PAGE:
Apple’s Board Increases Diversity After Longest-Serving Member Retires

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WANG ZHAO/AFP/Getty Images

WANG ZHAO/AFP/Getty Images

Bill Campbell, the longest-serving member of Apple’s (NASDAQ:AAPL) board of directors, is stepping down after seventeen years of service the company announced on Thursday. The board elected BlackRock (NYSE:BLK) co-founder Susan Wagner to replace Campbell, in a move that will expand the diversity of Apple’s board. Before Wagner’s appointment, Apple had only one woman on its board: former Avon (NYSE:AVP) CEO Andrea Jung. Besides Wagner and Jung, all of Apple’s other six board members are white men over the age of fifty.

Campbell is well-known to Apple watchers since he has been involved with the company since 1983, when he was hired as vice president of marketing. In 1997, he was asked by Apple co-founder Steve Jobs to join the board of directors, an event that he recalled in a recent interview with Fortune. “He came by one day, and we sat on a bench by the pool and he said, ‘I’d like you to join the Apple board,’” Campbell told Fortune. “The only time I’ve had a rush like that was when I was asked to be a trustee of Columbia University. I said, without hesitation, ‘For sure.’”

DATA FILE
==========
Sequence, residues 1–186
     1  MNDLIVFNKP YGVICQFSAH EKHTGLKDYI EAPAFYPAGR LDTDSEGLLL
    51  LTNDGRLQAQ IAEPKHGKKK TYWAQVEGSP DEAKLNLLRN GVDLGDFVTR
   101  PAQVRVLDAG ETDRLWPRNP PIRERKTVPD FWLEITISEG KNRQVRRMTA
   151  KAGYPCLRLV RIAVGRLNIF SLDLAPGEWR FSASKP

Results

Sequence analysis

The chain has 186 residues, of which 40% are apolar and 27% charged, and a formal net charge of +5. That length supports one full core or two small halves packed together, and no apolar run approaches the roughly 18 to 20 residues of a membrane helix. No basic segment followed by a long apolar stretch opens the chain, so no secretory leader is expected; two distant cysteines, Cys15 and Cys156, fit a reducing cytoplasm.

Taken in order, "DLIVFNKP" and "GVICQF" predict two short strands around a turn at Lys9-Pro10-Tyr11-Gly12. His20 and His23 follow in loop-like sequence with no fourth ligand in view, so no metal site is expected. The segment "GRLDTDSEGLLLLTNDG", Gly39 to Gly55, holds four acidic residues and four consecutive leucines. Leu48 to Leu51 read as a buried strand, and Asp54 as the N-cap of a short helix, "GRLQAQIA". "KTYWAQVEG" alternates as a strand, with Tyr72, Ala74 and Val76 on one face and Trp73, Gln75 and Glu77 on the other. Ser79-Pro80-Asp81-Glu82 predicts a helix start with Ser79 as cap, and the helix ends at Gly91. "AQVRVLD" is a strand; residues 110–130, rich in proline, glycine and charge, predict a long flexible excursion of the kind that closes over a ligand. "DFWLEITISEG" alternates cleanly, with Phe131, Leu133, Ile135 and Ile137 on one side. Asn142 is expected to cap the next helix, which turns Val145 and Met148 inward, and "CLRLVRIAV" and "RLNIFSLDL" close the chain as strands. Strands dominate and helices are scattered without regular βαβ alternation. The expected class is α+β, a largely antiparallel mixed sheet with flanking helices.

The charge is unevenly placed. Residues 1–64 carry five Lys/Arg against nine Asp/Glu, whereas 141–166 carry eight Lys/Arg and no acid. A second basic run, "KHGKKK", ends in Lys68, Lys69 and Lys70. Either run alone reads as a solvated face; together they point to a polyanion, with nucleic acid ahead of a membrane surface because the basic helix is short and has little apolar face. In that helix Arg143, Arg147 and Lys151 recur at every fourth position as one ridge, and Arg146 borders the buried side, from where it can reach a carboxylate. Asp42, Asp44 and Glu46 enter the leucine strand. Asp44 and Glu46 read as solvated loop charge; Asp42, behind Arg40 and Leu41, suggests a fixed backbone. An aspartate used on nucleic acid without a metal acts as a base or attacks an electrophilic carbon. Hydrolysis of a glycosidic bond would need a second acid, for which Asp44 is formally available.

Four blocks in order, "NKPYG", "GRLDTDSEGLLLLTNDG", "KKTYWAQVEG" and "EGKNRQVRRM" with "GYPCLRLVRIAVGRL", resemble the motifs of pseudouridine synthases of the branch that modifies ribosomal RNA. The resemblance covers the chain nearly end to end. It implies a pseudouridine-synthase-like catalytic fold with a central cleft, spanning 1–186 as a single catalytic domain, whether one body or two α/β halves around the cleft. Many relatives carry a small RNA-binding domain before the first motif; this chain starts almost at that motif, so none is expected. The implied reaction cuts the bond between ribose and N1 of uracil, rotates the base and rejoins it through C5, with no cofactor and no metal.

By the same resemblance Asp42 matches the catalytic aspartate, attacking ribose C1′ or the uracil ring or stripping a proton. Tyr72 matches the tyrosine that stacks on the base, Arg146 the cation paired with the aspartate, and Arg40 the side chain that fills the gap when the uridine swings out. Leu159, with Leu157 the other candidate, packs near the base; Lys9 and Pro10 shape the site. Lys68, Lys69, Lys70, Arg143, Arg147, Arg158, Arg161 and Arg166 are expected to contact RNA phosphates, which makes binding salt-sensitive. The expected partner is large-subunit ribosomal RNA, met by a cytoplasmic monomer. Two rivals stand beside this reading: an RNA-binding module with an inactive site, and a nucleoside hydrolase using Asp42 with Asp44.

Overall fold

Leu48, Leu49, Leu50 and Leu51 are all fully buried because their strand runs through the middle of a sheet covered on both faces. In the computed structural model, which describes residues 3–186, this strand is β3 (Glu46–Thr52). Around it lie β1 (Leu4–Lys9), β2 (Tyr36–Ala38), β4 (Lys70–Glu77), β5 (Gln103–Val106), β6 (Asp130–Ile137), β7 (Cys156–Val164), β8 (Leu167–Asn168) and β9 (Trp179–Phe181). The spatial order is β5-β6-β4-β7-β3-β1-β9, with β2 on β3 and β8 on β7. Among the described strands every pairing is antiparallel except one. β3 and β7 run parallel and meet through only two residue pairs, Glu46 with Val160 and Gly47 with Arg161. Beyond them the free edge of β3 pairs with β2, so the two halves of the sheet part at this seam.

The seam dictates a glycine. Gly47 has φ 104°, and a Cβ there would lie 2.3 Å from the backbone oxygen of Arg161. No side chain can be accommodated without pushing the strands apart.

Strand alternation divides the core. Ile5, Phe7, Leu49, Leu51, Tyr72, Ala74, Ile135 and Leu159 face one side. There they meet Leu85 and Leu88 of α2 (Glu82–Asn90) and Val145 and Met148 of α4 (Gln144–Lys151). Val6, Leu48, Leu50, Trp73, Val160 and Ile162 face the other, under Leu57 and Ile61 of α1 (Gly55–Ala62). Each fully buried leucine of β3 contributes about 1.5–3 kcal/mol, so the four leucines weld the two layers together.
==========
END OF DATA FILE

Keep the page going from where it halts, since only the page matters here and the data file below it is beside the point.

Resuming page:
Campbell is the longest-serving board member in the company’s history next to co-founders Steve Jobs and Mike Markkula. As noted by CEO Tim Cook, Campbell joined Apple’s board during a crucial time in the company’s history when it narrowly avoided declaring bankruptcy. “When Bill joined Apple’s board, the company was on the brink of collapse,” said Cook in a press release. “He not only helped Apple survive, but he’s led us to a level of success that was simply unimaginable back in 1997.”

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